(b) integral((x^2)dy)
    (c) integral((y^2)dx)

    So for:
    (a) integral(xdy-ydx)= double integral(2)dA what are the bounds?
    (b) integral((x^2)dy)= double integral(-2x)dA what are the bounds?
    (c) integral((y^2)dx)= double integral(2y)dA what are the bounds?

    I know how to evaluate all the double integrals, I just don't know the bounds. I'm assuming I would use parameterization.

    I think the answer for (a) is (pi/2)*ab, for (b) is (2/3)*(a^2)b, and for (c) is (-2/3)*a(b^2), but I solved them directly from a line integral not Green's Theorem.

    Thank you.

    for the positive quadrant of the ellipse

    if you are using vertical strips,

    from the eqn. of the ellipse y = (b/a) sqrt{a^2 - x^2}

    so x varies from x=0 to x=a.
    (origin to one end of the major axis)

    while y varies from y =0 to y = (b/a) sqrt{a^2 - x^2}
    (x-axis to the ellipse)

    that was for direct integration without substitution


    note that a is a constant not a variable

    try sketching a rough figure.
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  5. #5
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    Quote Originally Posted by Adebensjp05 View Post
    Thank you for responding. That one seems easy enough.

    How do you do the second one though (the third one appears to follow similarly from the second one)?
    .
    Thus, you need to find,
    \oint_C (0dx +x^2 dy)=\int _D \int \left( \frac{\partial x^2}{\partial x}-\frac{\partial (0)}{\partial y} \right) dA=\int_D \int x^2 dA

    Now to find the integral use the transformation,
    x/a=u and y/b=v
    This will simpify the region into a circle,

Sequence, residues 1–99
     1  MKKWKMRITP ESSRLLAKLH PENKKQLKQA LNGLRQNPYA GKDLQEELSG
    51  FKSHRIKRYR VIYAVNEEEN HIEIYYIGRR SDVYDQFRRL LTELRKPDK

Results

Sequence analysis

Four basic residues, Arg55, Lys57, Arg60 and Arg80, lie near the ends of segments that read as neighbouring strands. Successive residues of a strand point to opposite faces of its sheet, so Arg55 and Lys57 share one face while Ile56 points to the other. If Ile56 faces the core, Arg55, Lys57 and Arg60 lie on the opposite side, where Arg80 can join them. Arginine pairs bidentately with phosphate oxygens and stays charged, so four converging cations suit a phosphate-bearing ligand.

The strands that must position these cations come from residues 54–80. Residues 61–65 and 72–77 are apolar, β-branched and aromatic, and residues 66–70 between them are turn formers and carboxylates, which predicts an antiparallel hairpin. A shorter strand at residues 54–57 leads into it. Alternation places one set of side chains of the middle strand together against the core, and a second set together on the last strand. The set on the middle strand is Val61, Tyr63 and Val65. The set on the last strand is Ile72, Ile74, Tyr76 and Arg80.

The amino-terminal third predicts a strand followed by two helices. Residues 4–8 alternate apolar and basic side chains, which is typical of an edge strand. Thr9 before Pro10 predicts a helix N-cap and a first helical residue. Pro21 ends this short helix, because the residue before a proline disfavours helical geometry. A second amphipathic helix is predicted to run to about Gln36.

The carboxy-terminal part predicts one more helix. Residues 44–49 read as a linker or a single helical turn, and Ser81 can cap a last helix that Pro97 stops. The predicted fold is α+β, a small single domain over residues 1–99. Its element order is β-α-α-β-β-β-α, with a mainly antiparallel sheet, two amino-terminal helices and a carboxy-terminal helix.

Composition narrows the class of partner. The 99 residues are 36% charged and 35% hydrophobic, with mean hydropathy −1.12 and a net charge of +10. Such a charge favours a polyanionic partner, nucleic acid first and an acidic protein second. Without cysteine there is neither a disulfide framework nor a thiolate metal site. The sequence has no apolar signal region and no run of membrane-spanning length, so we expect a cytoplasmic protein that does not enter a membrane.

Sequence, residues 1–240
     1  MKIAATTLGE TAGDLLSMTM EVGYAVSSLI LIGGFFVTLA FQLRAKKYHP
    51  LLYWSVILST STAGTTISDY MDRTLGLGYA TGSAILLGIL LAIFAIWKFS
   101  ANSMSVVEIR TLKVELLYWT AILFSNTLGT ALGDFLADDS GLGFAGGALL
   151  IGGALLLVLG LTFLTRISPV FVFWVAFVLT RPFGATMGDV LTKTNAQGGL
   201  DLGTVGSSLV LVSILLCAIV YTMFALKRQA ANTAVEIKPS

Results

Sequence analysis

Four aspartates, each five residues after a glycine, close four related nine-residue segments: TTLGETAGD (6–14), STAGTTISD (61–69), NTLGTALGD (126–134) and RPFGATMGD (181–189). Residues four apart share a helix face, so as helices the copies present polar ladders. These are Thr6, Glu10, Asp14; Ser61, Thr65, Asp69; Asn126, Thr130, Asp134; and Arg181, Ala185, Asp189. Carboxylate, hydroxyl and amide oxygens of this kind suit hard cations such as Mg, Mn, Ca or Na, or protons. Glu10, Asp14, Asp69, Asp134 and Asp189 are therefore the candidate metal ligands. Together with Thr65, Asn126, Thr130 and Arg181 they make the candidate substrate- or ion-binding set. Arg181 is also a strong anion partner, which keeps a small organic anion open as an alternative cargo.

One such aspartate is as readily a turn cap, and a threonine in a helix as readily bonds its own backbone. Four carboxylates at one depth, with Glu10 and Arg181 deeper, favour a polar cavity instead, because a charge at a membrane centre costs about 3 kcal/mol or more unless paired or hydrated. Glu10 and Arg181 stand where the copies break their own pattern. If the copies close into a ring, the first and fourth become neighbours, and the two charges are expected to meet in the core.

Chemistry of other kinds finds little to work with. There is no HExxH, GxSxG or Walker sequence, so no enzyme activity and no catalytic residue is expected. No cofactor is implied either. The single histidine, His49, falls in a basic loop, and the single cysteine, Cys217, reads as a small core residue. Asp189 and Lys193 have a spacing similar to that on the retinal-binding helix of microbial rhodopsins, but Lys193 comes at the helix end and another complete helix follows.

And the Jacobian is simplify a constant multiplier.
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  6. #6
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    Well, actually I think it should be:

    double integral of (2x)dA.

    I have no idea how to solve this. Can't I just parametrize it though?

    That would make it double integral of (2acos(t)).

    I don't know this transformation stuff, but why I can't I just find appropriate bounds for this double integral?

    I also tried double integral of (2x)dydx where y goes from 0 to x and x goes from 0 to bsint. It doesn't equal (2/3)a^2*b.

    Could anyone just clarify this?
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  7. #7
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    Quote Originally Posted by Adebensjp05 View Post
    Well, actually I think it should be:

    double integral of (2x)dA.
    Correct, I made a mistake, forgot to take the partial derivative.
    I have no idea how to solve this. Can't I just parametrize it though?
    Parametrize what? It is already in double integral form.
    \int_D \int (2x) dx
    The curve is,
    y=\frac{b}{a}\sqrt{a^2-x^2}
    x=0
    y=0
    x=a
    Thus,
    \int_0^a \int_0^{(b/a)\sqrt{a^2-x^2}} 2x dy\, dx

    Integrate once,
    \int_0^a (b/a)(2x)\sqrt{a^2-x^2} dx=\frac{b}{a}\int_0^a 2x\sqrt{a^2 -x^2} dx
    This is easy to integrate.
    The the substitution u=a^2-x^2 does the simplificiation.
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  8. #8
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    I did it quickly, but it looks like you get zero in the denominator.
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  9. #9
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    Yeah I'm wrong. Thanks for the help. I really appreciate it.